What bothers me is that children watch American Idol, and children are now developing this idea that singing is something that should be attempted only by the “talented.” Some children now believe that judging singers is an amusing spectator activity, and making fun of imperfect singers is perfectly OK. Hilarious and justified, in fact: anyone who dares to sing in front of a camera deserves our scrutiny and scorn. None of this encourages children—or their families—to participate joyfully in group or individual singing. In the American Idol paradigm, singing is now reserved for those who have a “good” voice.I disagree. I come at this from a different perspect. Unlike a musically talented person like Flanagan, I'm bad at singing. I was a third grader when I learned this, and I felt terrible about it. I've refrained from singing in almost every situation since then, out of the belief that it's very embarrassing and humiliating to sing off key -- even to sing one note off key.
I think if I'd been able to watch "American Idol" in my formative years, I could have been happier about my singing. What strikes me about the show is that so many people sing off key. Even the top singers go "pitchy" at times. It's not my secret shame, then. It's widely shared, and many, many people sing in public, even exposed to critics and possible outright ridicule, and they survive. What nerve people have! I would think. I need to get some of that.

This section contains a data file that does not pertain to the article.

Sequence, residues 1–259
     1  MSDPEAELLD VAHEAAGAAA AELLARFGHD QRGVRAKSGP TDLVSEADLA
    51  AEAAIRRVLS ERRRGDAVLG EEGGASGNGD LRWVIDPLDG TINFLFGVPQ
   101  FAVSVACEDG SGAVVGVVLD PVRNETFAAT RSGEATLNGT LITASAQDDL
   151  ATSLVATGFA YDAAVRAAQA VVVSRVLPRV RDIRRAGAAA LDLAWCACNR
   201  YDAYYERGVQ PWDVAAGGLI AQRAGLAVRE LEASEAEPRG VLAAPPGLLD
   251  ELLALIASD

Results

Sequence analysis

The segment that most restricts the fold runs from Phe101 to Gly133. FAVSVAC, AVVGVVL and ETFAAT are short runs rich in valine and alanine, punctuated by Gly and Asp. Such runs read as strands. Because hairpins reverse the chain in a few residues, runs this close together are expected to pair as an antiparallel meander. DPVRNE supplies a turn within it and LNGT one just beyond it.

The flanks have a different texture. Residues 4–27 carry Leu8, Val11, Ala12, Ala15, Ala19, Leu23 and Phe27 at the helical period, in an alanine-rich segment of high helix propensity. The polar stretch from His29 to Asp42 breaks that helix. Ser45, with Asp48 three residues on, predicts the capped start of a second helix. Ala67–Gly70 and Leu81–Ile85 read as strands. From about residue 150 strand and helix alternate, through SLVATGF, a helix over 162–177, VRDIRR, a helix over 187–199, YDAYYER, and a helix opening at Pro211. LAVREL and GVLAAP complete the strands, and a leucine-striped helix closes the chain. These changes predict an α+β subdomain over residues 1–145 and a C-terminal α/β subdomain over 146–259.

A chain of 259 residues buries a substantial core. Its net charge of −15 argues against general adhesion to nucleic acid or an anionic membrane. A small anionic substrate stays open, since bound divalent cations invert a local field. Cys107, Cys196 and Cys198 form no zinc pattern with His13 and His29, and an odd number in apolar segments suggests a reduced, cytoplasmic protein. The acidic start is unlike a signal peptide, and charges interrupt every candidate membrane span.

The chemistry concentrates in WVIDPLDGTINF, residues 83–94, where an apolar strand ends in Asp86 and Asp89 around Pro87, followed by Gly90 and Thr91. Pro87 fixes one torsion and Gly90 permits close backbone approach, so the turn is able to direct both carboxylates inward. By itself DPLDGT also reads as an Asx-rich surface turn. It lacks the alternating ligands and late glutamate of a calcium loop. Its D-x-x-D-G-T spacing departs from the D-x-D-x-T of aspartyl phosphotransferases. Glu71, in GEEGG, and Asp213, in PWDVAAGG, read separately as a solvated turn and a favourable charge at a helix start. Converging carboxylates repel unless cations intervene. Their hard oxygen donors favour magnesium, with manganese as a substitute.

In fact, I think the show demonstrates how to deal with criticism. We've seen hundreds of young people stand there -- they rarely collapse -- and listen to judges critique them. Some behave foolishly, but an amazing number of them stand up to it courageously, some are heroically thankful for the honesty, some survive a beating and sing another day, some are able to absorb the judges' advice and improve over the course of the season. This teaches something different from the endless, soothing bath of encouragement Flanagan recommends.
I think it's fine learn that some people do better than others. We need to develop taste. And it's great to learn that honest criticism -- and even some mockery -- is not only survivable but can even be beneficial. And it's even rather nice that kids can learn that there is work -- glamorous work! -- for the critic -- that it's worth it to learn to perceive and judge and put that judgment into articulate language.